Moral Panics – Subcultures and Sociology


Moral panics are situations in which the general public experiences an unjustified panic about a specific social issue; politicians and other interested parties create moral panics to direct what the public worries about and focuses on. In his 1972 book Folk Devils and Moral Panics, Stanley Cohen set the stage for the sociological study of moral panics by examining the classic moral panic in 1960s Britain of violence between two subcultural groups: Mods and Rockers. Cohen expressed that the major issue was the “fundamentally inappropriate” reaction to social figures in society to the minor events that occurred (Goode and Ben-Yehuda 1994). Cohen defined a moral panic as the following:

Societies appear to be subject, every now and then, to periods of moral panic. A condition, episode, person or group of persons emerges to become defined as a threat to societal values and interests; its nature is presented in a stylized and stereotypical fashion by the mass media; the moral barricades are manned by editors, bishops, politicians and other right-thinking people; socially accredited experts pronounce their diagnoses and solutions; ways of coping are evolved or (more often) resorted to; the condition then disappears, submerges or deteriorates and becomes more visible. Sometimes the object of the panic is quite novel and at other times it is something which has been in existence long enough but suddenly appears in the limelight (Cohen 1972:9).

Since Cohen’s book on moral panics, more scholars continue to expand on this work. For example, McRobbie and Thornton (1995) claim that creating moral panics has become the way in which the media presents the public with everyday events.  They state that politicians and businesses alike use faulty logic to appeal to the public’s emotions which, in turn, serves their political and corporate agendas. This manipulation of moral panics leads to moral entrepreneurship: When a group claims that it knows the cause of and best solution for a societal issue (Critcher 2003).  The media also play a role in such manipulation.  They create a signification spiral in which they associate different social problems and raise alarm in the public (Hall et al. 1978). In a signification spiral, the media reduce deviant people to an easily recognizable–and often disturbing–image to create a scapegoat for a social issue. The link between moral panics and deviant subcultures is strong because many moral panics center around the creation of a caricature of a given subculture; a caricature that is often misinformed and that instills fear of the subculture into the public consciousness (Ben-Yehuda 1986). Some examples of subcultures that the media creates moral panics are goths, satanic worship, gamers, rave, heavy metal, and hip-hop. In order to put the idea of moral panics into context, a few examples from each time period, as well as a timeline, can be found throughout the page.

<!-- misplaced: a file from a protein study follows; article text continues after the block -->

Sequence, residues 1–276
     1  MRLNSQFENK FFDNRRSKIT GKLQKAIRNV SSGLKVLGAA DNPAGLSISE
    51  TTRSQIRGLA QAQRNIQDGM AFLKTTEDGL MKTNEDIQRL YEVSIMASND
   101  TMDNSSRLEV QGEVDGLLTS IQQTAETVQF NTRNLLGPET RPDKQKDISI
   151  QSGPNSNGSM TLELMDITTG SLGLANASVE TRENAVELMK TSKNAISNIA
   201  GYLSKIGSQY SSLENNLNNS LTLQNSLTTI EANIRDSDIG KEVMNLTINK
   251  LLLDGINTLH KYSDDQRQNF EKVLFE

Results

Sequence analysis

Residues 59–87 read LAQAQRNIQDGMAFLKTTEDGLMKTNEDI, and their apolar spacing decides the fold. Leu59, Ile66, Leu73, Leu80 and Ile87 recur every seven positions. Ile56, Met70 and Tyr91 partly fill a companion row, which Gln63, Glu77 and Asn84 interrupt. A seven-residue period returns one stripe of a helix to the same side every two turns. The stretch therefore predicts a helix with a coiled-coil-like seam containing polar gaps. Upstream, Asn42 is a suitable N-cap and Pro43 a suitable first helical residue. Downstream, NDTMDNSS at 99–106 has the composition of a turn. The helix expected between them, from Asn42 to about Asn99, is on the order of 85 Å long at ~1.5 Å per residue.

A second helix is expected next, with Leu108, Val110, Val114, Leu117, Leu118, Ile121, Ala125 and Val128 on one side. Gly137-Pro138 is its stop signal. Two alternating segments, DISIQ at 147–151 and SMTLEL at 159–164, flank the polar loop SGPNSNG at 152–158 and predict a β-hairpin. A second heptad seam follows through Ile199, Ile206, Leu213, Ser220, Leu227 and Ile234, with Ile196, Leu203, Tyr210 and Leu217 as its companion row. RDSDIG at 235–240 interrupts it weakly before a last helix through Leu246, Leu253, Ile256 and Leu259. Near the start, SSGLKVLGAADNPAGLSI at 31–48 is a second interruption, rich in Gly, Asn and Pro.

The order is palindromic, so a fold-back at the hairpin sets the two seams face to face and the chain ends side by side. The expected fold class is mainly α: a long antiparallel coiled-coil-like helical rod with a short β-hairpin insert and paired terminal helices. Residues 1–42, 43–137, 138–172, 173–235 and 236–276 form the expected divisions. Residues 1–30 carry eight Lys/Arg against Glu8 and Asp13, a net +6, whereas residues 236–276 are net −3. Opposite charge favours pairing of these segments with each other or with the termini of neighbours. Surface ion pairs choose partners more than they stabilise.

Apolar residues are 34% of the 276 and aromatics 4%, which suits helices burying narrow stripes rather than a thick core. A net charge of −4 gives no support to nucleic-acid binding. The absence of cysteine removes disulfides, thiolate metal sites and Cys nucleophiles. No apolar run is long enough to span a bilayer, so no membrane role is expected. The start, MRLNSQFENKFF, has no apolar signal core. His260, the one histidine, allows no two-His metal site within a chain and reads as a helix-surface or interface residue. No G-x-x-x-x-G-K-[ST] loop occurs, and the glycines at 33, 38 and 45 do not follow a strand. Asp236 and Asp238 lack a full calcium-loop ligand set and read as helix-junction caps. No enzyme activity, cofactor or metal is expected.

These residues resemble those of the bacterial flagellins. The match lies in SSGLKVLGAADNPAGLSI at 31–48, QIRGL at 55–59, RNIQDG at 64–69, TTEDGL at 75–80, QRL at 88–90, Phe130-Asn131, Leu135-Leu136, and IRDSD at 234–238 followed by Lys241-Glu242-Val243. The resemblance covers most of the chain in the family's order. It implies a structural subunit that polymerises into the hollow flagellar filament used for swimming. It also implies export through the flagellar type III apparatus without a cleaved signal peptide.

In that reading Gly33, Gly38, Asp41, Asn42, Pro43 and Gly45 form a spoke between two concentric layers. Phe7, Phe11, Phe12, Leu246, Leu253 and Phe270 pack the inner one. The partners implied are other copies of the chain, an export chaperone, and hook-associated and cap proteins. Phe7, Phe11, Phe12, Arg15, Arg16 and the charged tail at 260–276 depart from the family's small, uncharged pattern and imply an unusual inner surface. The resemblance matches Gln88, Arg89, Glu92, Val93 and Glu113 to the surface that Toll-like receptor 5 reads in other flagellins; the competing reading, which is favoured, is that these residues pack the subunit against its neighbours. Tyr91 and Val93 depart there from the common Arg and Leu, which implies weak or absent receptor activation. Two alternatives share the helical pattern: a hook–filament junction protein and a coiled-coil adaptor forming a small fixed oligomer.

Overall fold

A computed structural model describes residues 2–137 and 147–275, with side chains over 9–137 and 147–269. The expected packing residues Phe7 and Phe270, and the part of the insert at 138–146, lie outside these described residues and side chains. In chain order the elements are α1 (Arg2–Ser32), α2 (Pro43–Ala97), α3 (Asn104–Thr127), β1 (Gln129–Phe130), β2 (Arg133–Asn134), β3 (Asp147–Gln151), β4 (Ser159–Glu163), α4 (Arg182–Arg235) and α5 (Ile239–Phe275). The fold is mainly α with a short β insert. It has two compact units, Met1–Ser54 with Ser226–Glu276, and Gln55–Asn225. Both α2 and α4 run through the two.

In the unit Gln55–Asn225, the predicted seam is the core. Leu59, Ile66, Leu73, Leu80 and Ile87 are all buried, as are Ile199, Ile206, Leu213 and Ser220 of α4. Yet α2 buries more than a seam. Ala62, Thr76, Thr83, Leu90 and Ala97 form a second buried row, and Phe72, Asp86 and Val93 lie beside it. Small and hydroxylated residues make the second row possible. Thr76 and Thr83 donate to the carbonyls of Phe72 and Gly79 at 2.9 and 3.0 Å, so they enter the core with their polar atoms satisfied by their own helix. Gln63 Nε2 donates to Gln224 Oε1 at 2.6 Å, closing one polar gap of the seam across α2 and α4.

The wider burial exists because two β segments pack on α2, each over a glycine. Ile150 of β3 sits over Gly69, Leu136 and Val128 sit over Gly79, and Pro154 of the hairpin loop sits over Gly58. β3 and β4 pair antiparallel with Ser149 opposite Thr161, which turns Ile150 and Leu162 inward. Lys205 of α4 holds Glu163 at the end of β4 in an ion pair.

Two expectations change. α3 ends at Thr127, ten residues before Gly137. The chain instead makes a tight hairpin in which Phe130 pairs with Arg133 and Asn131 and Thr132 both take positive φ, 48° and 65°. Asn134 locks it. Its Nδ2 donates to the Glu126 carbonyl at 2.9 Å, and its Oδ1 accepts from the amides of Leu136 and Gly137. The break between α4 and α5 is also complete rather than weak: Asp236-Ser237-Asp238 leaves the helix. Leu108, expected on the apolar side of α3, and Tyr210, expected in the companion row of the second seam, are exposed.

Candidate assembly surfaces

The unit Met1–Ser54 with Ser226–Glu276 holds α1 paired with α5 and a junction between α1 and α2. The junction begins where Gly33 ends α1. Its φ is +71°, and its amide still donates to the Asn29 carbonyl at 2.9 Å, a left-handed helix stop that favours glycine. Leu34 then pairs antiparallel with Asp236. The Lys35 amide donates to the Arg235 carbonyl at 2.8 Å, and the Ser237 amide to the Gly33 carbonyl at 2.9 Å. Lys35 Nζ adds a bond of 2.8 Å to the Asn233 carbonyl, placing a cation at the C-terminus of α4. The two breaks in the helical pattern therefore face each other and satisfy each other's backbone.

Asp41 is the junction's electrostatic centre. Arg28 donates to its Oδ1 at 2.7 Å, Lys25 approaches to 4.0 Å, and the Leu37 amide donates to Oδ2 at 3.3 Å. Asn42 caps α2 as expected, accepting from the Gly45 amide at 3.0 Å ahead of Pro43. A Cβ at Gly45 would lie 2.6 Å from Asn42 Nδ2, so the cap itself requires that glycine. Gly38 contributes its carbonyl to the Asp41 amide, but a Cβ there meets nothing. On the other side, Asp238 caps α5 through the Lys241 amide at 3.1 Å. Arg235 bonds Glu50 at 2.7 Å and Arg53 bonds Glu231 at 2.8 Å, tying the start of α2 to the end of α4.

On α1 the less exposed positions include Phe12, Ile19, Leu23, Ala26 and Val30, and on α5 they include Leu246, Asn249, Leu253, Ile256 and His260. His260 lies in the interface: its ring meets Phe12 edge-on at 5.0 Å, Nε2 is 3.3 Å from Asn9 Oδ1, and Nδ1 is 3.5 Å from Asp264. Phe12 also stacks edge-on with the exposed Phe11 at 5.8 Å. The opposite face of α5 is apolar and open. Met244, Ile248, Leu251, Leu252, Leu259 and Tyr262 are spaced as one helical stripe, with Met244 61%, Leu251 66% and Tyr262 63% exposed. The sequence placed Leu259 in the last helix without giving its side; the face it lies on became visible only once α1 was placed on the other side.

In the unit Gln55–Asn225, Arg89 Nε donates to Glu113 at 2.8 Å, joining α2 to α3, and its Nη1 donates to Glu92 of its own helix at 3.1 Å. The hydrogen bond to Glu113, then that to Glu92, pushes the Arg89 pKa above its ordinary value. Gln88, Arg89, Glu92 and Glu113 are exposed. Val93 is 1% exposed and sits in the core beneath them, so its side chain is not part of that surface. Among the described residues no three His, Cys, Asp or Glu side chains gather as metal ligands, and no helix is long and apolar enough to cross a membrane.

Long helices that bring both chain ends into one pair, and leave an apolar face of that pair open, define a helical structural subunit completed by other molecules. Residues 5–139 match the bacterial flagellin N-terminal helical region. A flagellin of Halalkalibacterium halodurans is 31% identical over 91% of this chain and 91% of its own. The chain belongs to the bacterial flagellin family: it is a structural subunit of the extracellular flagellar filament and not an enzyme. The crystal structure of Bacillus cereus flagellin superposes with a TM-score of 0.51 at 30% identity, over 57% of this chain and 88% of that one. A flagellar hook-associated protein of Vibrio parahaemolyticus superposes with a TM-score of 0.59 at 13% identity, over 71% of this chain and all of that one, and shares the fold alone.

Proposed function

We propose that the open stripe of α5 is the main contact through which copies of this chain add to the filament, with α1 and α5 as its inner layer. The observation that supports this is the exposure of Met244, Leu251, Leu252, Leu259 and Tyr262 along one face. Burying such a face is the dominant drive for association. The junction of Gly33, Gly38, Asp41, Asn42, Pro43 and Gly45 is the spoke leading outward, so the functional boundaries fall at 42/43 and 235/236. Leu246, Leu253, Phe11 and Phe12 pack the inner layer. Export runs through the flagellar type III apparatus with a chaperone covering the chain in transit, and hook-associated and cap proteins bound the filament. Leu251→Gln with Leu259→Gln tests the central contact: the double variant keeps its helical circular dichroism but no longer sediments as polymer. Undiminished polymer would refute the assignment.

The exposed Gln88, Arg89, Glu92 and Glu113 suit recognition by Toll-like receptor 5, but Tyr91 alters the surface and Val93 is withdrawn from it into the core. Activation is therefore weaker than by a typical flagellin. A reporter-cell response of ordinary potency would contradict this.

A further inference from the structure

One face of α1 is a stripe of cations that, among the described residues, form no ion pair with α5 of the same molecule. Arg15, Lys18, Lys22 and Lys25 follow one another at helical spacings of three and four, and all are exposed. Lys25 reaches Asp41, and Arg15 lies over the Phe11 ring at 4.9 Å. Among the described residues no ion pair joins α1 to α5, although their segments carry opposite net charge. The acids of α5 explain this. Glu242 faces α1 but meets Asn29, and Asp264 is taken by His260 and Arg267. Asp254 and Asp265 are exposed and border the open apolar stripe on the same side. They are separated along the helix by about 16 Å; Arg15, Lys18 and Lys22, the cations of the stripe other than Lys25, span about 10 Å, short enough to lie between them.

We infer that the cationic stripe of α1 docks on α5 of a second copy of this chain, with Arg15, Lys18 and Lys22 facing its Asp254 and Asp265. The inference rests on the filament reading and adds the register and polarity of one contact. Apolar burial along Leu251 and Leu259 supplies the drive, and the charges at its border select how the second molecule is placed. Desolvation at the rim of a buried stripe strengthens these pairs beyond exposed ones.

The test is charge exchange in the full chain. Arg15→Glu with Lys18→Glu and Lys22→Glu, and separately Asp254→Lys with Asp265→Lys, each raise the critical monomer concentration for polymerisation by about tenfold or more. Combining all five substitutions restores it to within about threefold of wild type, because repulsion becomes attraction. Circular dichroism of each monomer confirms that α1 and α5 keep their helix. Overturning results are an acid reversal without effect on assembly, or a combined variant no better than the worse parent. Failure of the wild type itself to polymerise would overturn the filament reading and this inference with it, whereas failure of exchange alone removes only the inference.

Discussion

1950s: Comic Books 

1960s: Mods and Rockers

1970s: War on Drugs, Increase in Crime, Video Games and Violence, Crack Babies,

1980s: Dungeons and Dragons, Satanic Ritual Abuse, Super-Predators, Rock and Roll

1990s: Sex offenders

2000s: Human trafficking

Source: Moral Panics – Subcultures and Sociology